ensure that they had access to computers.
 because for you to assess students using a mechanism, that mechanism must
be available to all of them in the same way without any discrimination.
Otherwise the exam would be tested on areas where they are not given
opportunity to do the right things (Resp.1).
Q. 1. Impact of availability of OER on extent of use and
repurposing at the organizational level of the PI
 1. AVU OER given to junior faculty to use in teaching their courses
 2. AVU OER distributed to students (in the regular STEM program and
in the B.Ed program). They are given photocopies of module for a fee.
 3. Incorporating the aspect of ICT integration in course development.
The ICT-integration aspect of the AVU OER courseware seemed to
have had an impact as far as UA using them for the development of
their own ICT-integrated instructional materials at UA and in turn having
the potential to improve quality of instruction.
Q. 1. Impact of availability of OER on extent of use and
repurposing at the organizational level of the PI
 4. Use/repurposing of AVU OER as a resource for training and development of
courses for distance learning.
 UA uses a variety of OER when developing distance learning resources. He stated
that, “when we are involved in training we [tell faculty] we’ve got a lot of OER
materials…. and we [refer] them to use these as resource areas. He noted that they
use resources that “are in familiar areas and from familiar institutions.” (Resp 1).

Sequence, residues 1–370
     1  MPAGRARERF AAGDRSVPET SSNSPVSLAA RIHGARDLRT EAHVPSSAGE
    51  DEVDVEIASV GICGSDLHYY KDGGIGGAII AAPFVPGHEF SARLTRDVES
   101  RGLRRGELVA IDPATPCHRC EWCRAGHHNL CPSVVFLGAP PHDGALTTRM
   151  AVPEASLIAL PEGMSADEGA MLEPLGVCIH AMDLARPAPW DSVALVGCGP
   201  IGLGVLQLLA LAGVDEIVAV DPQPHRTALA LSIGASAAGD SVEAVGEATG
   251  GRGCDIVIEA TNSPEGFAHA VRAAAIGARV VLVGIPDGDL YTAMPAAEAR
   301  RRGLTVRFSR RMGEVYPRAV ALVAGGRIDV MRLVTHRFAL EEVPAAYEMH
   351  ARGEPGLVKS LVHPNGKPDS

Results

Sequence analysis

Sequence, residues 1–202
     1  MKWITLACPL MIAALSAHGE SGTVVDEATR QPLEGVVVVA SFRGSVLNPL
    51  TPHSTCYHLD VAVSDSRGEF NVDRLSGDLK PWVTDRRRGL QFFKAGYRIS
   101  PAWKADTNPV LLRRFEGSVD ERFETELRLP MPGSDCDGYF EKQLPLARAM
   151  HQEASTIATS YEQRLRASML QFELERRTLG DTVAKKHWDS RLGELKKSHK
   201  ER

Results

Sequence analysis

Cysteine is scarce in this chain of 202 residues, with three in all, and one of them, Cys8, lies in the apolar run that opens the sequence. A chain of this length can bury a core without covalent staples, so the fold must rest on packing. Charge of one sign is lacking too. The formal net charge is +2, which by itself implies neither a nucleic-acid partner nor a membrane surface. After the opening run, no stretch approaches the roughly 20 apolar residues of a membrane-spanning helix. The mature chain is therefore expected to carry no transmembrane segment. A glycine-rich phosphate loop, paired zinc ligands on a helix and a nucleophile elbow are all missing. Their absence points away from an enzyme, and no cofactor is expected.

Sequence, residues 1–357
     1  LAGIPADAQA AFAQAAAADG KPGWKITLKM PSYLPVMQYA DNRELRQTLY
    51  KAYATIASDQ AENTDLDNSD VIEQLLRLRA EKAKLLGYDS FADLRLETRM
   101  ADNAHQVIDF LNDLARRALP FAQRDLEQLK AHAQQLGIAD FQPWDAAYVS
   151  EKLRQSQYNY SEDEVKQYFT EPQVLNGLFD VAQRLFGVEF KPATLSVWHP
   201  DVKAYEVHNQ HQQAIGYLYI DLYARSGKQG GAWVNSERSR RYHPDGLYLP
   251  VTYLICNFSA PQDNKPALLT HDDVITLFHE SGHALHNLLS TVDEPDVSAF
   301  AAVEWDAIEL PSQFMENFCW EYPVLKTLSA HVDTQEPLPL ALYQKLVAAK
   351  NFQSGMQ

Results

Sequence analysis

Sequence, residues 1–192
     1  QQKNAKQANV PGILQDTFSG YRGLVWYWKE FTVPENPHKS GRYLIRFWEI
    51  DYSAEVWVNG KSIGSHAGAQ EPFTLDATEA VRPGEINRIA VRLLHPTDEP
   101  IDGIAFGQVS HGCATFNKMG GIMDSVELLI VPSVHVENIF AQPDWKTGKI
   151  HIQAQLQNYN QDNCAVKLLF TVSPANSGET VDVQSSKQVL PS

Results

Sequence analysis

 He gave examples of some of the OER they use and these included, the AVU OER,
the COL and TESSA
 Compared to the other two the AVU OER were particularly the closest. If you go to
AVU, these are materials which have been developed very close to [the curriculum
of UA], because a lot of our people participated in those. If you look at them,
generally they are even more closer to our normal curriculum. Therefore they
respond to our syllabus with much less modification at all (Resp. 1).
Q. 1. Impact of availability of OER on extent of use and
repurposing at the organizational level of the PI
 The OER were not being used as is, but were being repurposed. The course
writers repurpose the OER when developing their own instructional materials.
“I think what is important is you [the writers] use it as an important resource
area for developing your own. They are not bringing these [AVU OER] to use as
theirs….they are repurposing them.”
 Use and repurposing of OER at UA was quite high and was embedded into the
practice of the institution, in particular, in areas where UA was developing
distance and open learning materials, they were using OER,
 Like now the policy of [UA] is to develop open distance eLearning for all
courses in the university. One, to serve the regular students as a different mode
of delivery. Two, to enable them where possible to serve students who will not
necessarily be internal students…As of now we have developed materials for
20 schools and we are about 80 schools. So you find the [use of OER] across
the board at all levels. (Resp. 1)
Q.2. Impact of availability of OER on the process for the
creation of the AVU OER
 Availability of OER or open access content, software, and tools like the
Creative Commons License did have an impact on the process for the creation
of OER modules at the network (consortium) level.
 OER made it possible for AVU to create modules that could be freely accessed,
used, repurposed and redistributed.
 The process for creation was undertaken at the network (consortium) level and
involved subject matter (faculty) drawn for the participating universities.
 Done within the context of the teacher education program, there was a well-
defined process and steps for the creation of the AVU OER modules that
included the following processes: (i) policy and curriculum conceptualization, (ii)